Madras

The Madras Book Club met yesterday for the re-launch of a well received book in the name of this glorious city.

The original book, written in Tamil, has been re-written in English by its author K.R.A.Narasiah. The meeting, true to Madras style middle class meetings, was more about Rava Upma. And sadly, the rather mediocre Upma quite easily won the contest — those who came to speak were either uninterested or uninteresting.

The author himself is an affable and slightly ageing man, who drops in trivia about the City’s history in the unlikeliest of conversations. He gives the impression of having researched his book very well and probably, the book is a very good read. The book, one is lead to believe, traces the history of Madras from the time Francis Day got a land grant from through the services of his dubash Beri Thimmappa from the local Nayak — “a strip of no man’s sand three miles long, one mile wide at its broadest[1]” — to set up a trading post for the East India Company in 1639. That land, as we know, was fortified soon into the magnificient Fort St. George.

Oft repeated history was repeated,

“It was in Madras that the first rules of governance and justice, and the red tape and record keeping that went with both, were introduced by Langhorne and Master, Yale and `Pirate’ Pitt. It was here that the oldest civic corporation was established outside Europe,” recounts the author, listing the many firsts.

St. Mary’s church was consecrated on October 28, 1680, and the marriage register records as the first entry the wedding of Elihu Yale, after who is named the Yale University in the U.S. “It was in Fort St. George that Robert Clive worked as a Writer in 1744 on a salary of £5 a year.” Clive was bored with his work; and was `on the verge of suicide on occasion’. He found his true vocation “on the battlefields around Fort St. David in Cuddalore.”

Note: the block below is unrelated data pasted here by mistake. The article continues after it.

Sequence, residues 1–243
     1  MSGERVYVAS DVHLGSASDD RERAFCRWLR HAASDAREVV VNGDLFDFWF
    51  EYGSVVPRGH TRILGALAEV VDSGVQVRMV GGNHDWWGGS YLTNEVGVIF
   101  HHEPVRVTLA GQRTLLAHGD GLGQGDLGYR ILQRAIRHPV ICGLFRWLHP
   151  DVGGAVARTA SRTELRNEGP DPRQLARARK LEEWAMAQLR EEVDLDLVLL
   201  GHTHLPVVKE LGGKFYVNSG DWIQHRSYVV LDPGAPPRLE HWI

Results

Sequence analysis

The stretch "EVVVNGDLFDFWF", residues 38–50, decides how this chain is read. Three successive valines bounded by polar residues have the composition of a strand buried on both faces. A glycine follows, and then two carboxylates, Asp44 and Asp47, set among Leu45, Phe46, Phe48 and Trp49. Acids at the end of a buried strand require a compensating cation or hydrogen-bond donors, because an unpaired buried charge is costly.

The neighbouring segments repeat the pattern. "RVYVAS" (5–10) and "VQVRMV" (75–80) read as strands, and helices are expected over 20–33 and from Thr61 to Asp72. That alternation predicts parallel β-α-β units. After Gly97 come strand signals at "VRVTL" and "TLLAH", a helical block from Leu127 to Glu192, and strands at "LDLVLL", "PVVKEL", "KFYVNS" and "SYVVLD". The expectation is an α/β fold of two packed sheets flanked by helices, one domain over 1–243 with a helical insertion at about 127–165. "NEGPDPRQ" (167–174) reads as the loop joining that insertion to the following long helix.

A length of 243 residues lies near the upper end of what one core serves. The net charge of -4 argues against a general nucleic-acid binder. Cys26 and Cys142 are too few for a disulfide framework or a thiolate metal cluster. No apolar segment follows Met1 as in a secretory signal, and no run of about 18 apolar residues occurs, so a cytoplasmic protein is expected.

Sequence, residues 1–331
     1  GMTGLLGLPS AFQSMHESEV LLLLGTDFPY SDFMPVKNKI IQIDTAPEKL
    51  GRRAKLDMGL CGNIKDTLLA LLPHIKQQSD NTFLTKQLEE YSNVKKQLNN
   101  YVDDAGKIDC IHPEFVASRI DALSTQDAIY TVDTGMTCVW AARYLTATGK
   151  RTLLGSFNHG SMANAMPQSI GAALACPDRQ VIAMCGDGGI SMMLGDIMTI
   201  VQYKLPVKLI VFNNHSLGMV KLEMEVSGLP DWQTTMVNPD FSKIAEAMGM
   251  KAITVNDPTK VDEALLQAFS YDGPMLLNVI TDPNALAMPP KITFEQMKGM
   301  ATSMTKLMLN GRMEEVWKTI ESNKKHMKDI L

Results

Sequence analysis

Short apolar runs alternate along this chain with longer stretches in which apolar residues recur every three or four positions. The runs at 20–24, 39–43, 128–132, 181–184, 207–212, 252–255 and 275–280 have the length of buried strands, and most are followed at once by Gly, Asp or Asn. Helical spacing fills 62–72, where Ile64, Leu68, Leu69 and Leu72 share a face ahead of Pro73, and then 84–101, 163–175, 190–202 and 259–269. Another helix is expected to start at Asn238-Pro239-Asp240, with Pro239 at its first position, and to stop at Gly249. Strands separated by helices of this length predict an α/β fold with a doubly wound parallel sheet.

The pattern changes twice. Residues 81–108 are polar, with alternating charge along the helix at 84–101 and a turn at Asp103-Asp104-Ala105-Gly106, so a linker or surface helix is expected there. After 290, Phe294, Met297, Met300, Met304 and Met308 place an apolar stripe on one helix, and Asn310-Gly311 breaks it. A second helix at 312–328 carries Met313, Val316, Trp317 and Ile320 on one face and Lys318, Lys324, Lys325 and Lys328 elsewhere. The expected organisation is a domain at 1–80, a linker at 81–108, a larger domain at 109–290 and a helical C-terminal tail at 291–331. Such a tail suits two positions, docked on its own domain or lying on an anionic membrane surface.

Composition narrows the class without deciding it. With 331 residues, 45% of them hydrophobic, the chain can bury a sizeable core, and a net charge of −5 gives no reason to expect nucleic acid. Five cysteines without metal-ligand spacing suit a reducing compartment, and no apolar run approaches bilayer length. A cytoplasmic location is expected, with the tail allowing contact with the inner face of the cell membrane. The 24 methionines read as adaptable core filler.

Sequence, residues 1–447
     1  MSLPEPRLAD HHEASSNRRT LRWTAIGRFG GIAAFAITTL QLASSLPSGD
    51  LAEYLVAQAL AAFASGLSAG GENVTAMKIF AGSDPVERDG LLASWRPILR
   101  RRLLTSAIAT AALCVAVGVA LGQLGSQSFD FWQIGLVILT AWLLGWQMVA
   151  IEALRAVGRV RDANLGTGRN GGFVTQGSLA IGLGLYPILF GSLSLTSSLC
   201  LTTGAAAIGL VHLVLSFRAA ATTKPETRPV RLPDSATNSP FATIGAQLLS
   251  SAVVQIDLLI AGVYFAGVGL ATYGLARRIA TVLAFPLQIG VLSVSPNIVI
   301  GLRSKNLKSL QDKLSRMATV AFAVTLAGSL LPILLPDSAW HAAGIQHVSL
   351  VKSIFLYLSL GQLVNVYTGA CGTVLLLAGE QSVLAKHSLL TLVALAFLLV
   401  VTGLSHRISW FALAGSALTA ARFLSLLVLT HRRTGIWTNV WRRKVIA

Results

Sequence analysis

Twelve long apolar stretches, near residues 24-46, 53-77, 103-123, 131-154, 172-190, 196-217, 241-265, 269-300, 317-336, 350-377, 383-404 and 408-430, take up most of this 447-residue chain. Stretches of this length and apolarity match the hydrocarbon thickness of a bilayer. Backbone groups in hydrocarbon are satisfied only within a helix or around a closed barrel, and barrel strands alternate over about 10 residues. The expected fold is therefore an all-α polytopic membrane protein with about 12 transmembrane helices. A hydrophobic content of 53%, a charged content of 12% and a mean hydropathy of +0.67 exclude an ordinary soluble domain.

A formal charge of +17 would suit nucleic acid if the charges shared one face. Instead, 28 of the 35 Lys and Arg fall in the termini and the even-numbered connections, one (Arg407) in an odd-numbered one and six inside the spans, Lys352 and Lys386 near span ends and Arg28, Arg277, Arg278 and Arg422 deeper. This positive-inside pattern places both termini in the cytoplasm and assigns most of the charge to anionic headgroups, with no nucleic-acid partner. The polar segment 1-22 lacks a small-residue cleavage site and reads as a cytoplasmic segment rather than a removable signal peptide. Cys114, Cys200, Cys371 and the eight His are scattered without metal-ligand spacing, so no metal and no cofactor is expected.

While these bits of random trivia is something every quiz loving adolescent in the city will know, Narasaiah has also taken pains to dig into various historical records — including the only written diary available from those times. The author cites a simple murder of a prostitute as the origin of the traders’ progression to being rulers. That he says, was a landmark event in terms of the local chieftains handing over judicial responsibilities to the British. This, much to the chagrin of the author, was the beginning of an empire won by default.

The subject of the book, no doubt, is something that all of us hold very dear. We don’t need to be sold on it — but what the event failed to do was, sell seriousness and purpose. S Muthiah, in his very own style, quips thus on a different occasion,

Perhaps, then, it was just the glamour of a successful author who is a big name in the Indian book world, a handsome face, a bit of stylish dressing and a St. Stephen’s eloquence. Pity the Madras Book Club can’t get that combination all the time. If it did, it might even regularly get such crowds, even a part of which would do its meagre coffers a world of good.

Sashi Tharoor and his ilk may deserve our contempt — however, that hardly absolves the rest for not even trying. The publisher of this book, a longtime blogger, gave the most insipid of speeches. The author rambled a bit and failed to tell us why he wrote this book. The journalist who was asked speak rambled some more.

Selling bad and badly selling hardly offer choice.

[1] — As read out from land records of the time with Muthiah’s inputs.

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